My ‘47 home that I think has had some rework before us has something that’s kind of like early Romex (all the stuff in the crawl space that goes up to the sockets, the lighting circuits were all knob and tube). Seems like it’s fine as long as you don’t disturb it too much, but I’ve pulled and re-run two segments of it so far, and am going to do the rest.

I’ve got plaster over button board, which is thick enough and has enough thermal mass that I’m not sure I gain a ton by doing wall insulation (especially in our climate), but any time I can avoid patching walls is good, so I’m big on fished wire replacement.

-- Dan Lyke, Petaluma California, http://www.flutterby.net/

View dvhart's profile

dvhart

12 posts in 2807 days

10-14-2013 05:50 PM

I confirmed that the outer sheath of the original wiring is indeed braided cloth. I also spoke with my insurance agent and there is no issue of coverage nor would there be a discount if I replaced the wiring. I imagine this concern is highly dependent on locale and insurance company, so everyone should do this investigation themselves and not rely on my experience.

-- Darren

View Dan Lyke's profile

Dan Lyke

331 posts in 3902 days

10-14-2013 06:25 PM

So it sounds like the answer for you is “leave it be”. Dang, I love when the “don’t do extra work” answer is the correct one…

-- Dan Lyke, Petaluma California, http://www.flutterby.net/

View Manitario's profile

Manitario

33 posts in 3014 days

10-16-2013 05:45 AM

I’m not sure the utility in needing to increase the circuit capacity to 20 amps; code (at least in Canada) is still 15 amp circuits, except in kitchens. The only time I’ve blown 15 amp circuits is when I do something silly like try and run a bunch of tools off the same circuit. Safety of older wiring and grounding the circuits is a different matter; personally I wouldn’t be too excited to rewire a house unless I was already pulling open the walls for another reason. I think most of the older wiring (with exception of aluminum wiring) is pretty stable unless disturbed.

View rubytorres's profile

rubytorres

5 posts in 1135 days

10-31-2015 07:08 AM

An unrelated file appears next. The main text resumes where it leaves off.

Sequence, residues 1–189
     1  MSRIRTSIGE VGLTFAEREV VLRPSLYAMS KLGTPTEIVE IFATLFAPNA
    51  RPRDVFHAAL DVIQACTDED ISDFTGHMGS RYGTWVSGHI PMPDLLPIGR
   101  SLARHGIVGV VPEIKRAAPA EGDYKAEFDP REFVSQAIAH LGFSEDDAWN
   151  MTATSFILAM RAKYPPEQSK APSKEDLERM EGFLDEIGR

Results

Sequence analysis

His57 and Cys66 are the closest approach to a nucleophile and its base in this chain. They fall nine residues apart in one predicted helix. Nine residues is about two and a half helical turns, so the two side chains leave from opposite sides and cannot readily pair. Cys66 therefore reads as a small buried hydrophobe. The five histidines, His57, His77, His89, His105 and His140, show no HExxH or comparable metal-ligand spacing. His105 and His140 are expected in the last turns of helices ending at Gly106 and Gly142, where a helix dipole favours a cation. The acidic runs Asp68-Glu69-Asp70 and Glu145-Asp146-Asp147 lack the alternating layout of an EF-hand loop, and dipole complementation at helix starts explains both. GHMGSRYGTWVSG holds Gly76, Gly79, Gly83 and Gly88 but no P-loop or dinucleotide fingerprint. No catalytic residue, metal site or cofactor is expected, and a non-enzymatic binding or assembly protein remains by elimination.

I have not tried yet.

View dbray45's profile

dbray45

158 posts in 1697 days

11-02-2015 01:53 PM

The kitchen and bathrooms should be done – without question. The other rooms may be a different matter. In my daughter’s house 1950 ish, The wires are braided copper, but when I found that she had 4 – 6 plug strips on the same circuit, this was dangerous (someone had put pennies in the fuses, many years prior). They were also running a room A/C unit on the same wires. The house was only wired for 220 volt, 60 amp service, so the fuses were exceeded by quite a bit.

We had a “heavy up” done to the service, bringing it to 220 volt, 150 amp service and a new panel. I then ran a new receptacle with 4 plugs to the living room and wired dedicated cables to the dishwasher and disposal in the kitchen. In the basement, installed a quad receptacle for the washing machine (had an extension cable to the kitchen prior) and four receptacles in the basement (same extension cable that powered the washer. The bathroom got new power with ground faults as well as the kitchen. The room A/C units got their own circuits as well.

In doing this, when we pull the walls (no insulation in any outside walls), I have circuits already there and the old ones will come out. In the mean time, they do not create a fire hazard by over taxing the old wiring.

The idea is to plan ahead and keep things safe. Many older houses did not plan for the current power loads.

-- Love woodworking and fixing most anything

View dufeo's profile

dufeo

1 post in 774 days

10-26-2016 12:51 PM

I provide links on my blog whith informations about marketing and specialize in growth hacking

View franklinbell's profile

franklinbell

1 post in 249 days

04-04-2018 11:45 AM

Wiring standards and product durability has improved over the years.
If the house is ‘47 it’s probably worth looking at a rewire.

Electrician Canning Vale
Electrician Willetton
Data Cabling Perth

View Vishal Mittal's profile

Vishal Mittal

4 posts in 172 days

07-10-2018 09:33 AM

From my opinion you should go ahead with your decision because as you are saying your house have 1957 wiring and i think now the time has came to replace them.

You are absolutely right on the installation of new LED bulbs in your house & if you wants to attract each and every one then you should install these LED as soon as possible. If you wants then you can install other new electronics gadget as well in your house like Air purifiers, Pest controller & Mobile phone network signal booster as well to increase the quality of voice calls.

-- Mobile Network Signal Booster

You must be signed in to reply.

DISCLAIMER: All views and comments posted by members are not necessarily those of HomeRefurbers.com or of those working on the site.

Latest Projects | Latest Blog Entries | Latest Forum Topics

LumberJocks.com :: woodworking showcase